Generally, “[w]hen the employer requires the employee to travel as part of its business—i.e, pursuant to the contract of employment—the risk of traveling stems from that business and properly can be said to arise as a result of the employer’s business.” McVey, 339 S.W.3d at 730 (citing Rose v. Odiorne, 795 S.W.2d 210, 214 (Tex.App.—Austin, 1990, no writ)). There are various ways to prove that travel originates in an employer’s business, and thereby establish this element of the course and scope of employment requirement. Id. Depending on the circumstances, evidence of employer-provided transportation may show that an employee’s travel originates in the employer’s business. Id. However, “the mere gratuitous furnishing of transportation by the employer to the employee as an accommodation, and not as an integral part of the contract of employment, does not bring the employee, when injured in the course of traveling on streets and highways, within the protection of the [workers’ compensation statute].” Coleman, 303 S. W.2d at 387. In other words, employer-provided transportation that amounts to a necessity from the employer’s perspective, and not just an accommodation to the employee, may be sufficient to prove that travel originated in the employer’s business. McVey, 339 S.W.3d at 730 (citing Rose, 295 S.W.2d at 214).
Plaintiff argues that although DCP furnished the truck and paid for fuel, at the time of the accident Jasso was merely traveling to work, or an alternate first work site. Plaintiff further asserts there is no evidence that Jasso was performing any other duties during his commute that originated in DCP’s business. Defendant argues Jasso’s injury originated in the business of the employer because Jasso had been issued a company truck, it was part and parcel of his employment to travel, he was driving to a meeting with Jamie Midkiff, and he had been traveling to an alternate work location at the time of the accident.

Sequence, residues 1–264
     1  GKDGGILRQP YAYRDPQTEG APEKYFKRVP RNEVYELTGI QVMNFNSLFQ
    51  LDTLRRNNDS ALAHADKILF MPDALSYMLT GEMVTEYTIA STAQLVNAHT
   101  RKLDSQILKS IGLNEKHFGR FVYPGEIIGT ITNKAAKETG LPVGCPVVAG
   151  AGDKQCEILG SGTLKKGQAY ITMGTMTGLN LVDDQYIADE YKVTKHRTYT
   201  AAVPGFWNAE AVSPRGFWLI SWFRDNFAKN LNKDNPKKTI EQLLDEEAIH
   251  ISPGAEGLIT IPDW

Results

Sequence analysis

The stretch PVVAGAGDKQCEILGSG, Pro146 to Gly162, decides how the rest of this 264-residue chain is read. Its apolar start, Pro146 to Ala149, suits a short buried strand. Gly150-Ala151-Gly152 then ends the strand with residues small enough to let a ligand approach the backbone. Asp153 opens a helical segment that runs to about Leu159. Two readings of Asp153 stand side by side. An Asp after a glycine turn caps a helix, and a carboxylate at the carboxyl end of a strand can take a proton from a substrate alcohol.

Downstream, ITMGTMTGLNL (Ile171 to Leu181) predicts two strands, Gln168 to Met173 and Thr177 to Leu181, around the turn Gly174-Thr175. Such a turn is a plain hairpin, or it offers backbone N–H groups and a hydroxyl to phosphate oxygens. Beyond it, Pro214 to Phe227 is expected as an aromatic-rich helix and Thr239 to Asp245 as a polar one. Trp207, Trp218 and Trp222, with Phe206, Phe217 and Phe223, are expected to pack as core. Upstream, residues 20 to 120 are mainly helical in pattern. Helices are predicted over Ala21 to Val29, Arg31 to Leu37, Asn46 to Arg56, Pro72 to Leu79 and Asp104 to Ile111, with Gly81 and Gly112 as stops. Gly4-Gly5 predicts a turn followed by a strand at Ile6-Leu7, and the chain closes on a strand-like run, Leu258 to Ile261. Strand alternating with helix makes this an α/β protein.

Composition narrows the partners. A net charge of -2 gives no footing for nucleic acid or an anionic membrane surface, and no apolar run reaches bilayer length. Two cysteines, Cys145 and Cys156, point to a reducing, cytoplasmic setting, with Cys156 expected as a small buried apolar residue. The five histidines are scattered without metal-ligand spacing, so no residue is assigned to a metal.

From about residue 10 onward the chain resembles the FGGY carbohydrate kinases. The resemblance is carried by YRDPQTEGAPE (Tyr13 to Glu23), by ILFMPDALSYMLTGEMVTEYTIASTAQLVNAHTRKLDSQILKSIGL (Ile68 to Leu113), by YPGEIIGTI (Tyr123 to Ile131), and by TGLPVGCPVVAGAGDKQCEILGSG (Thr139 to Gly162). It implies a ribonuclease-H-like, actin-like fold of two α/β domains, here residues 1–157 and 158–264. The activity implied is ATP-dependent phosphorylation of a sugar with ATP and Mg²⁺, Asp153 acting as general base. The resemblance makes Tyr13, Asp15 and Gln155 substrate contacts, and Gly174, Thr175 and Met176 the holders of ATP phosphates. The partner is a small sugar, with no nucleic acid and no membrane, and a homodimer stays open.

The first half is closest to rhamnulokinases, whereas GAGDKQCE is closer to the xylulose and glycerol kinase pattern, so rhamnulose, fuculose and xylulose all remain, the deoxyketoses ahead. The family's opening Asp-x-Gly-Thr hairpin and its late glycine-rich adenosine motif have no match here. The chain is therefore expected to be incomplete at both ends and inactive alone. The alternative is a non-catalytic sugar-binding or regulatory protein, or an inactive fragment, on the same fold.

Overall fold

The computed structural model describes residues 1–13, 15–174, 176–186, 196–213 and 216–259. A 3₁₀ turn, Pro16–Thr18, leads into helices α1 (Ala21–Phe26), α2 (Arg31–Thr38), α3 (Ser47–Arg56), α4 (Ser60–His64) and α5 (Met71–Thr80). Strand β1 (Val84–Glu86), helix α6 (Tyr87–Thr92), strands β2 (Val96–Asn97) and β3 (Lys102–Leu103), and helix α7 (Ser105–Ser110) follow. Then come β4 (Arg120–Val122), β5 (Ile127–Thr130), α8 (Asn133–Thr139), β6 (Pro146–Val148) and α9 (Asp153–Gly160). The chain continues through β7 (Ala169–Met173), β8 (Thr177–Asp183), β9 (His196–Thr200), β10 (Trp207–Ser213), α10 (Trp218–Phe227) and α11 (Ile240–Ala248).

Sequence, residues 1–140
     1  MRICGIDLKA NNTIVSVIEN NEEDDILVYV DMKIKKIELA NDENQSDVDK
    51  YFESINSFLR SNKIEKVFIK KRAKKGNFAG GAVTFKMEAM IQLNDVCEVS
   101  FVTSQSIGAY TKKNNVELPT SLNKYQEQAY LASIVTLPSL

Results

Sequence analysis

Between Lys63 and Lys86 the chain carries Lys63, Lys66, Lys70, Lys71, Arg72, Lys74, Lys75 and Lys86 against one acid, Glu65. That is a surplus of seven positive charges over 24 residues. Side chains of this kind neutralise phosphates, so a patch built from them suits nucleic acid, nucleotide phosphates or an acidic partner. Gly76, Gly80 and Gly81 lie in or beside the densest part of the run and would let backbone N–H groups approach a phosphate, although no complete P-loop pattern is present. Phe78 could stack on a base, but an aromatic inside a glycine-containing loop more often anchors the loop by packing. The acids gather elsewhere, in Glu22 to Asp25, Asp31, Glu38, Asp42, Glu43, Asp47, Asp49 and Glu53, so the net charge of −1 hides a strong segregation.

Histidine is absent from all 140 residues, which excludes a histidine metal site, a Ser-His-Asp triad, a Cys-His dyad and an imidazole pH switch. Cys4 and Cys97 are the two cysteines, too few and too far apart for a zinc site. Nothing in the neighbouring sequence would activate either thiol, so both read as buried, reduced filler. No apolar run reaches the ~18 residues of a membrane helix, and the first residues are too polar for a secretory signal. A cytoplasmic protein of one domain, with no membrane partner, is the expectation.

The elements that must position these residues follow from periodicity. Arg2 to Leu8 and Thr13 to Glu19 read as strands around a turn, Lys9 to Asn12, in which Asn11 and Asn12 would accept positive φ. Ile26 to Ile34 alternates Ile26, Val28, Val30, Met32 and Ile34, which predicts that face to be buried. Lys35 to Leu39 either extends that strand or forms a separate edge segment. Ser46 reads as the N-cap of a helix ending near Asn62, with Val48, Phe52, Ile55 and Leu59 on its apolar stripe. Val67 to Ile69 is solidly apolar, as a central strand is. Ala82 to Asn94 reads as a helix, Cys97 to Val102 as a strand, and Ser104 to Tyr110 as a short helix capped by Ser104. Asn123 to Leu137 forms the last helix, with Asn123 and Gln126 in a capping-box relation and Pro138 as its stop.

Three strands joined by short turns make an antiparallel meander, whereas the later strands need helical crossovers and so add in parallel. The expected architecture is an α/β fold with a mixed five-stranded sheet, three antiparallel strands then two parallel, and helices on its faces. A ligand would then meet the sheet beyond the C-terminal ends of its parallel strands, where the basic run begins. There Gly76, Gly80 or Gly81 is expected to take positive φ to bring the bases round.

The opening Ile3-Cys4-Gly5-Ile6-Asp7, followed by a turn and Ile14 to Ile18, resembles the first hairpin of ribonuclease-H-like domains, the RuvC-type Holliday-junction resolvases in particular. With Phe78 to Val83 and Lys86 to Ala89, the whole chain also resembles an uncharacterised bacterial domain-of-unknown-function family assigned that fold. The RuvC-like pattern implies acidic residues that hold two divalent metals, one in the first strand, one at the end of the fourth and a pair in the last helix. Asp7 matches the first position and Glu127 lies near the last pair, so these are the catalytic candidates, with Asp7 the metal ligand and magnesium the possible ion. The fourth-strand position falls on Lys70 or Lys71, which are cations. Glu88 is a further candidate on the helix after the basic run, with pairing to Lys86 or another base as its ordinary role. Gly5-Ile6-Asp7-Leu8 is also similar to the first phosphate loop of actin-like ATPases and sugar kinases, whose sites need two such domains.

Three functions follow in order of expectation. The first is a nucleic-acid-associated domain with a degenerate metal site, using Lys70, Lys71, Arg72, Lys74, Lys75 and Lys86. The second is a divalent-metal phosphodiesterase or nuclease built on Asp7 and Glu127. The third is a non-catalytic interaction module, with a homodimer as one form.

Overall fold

Here, DCP supplied Jasso a truck for business use only and paid to fuel the truck. Hudson Dep. 12:12–13:25; Mooring Dep. 13:11–16. Additionally, as a field supervisor for the Fullerton location, Jasso was required, as part of his job, to check on projects in the field (away from the Fullerton location) at least two to three times a week. Hudson Dep. 9:17–20. If there were projects in progress, Jasso would have to travel to the field more than two to three times a week. Id. Thus, as part of Jasso’s duties, he would ideally travel to field sites about 50% of the time; however, due to paper work and reports, he traveled to field sites about 20% of the time. Mooring Dep. 12:2313:7. Viewing the facts in a light most favorable to Defendant, these summary facts establish that DCP required Jasso to travel as part of its business. See McVey, 339 S.W.3d at 730 (citing Rose, 795 S.W.2d at 214). Therefore, “the risk of traveling stems from that business and properly can be said to arise as a result of the employer’s business.” Id. Accordingly, the Court concludes the evidence establishes that Jasso’s travel originated in his employer’s business. As such, Plaintiff has failed to establish as a matter of law that Jasso was not acting in the course of employment when he sustained his injury.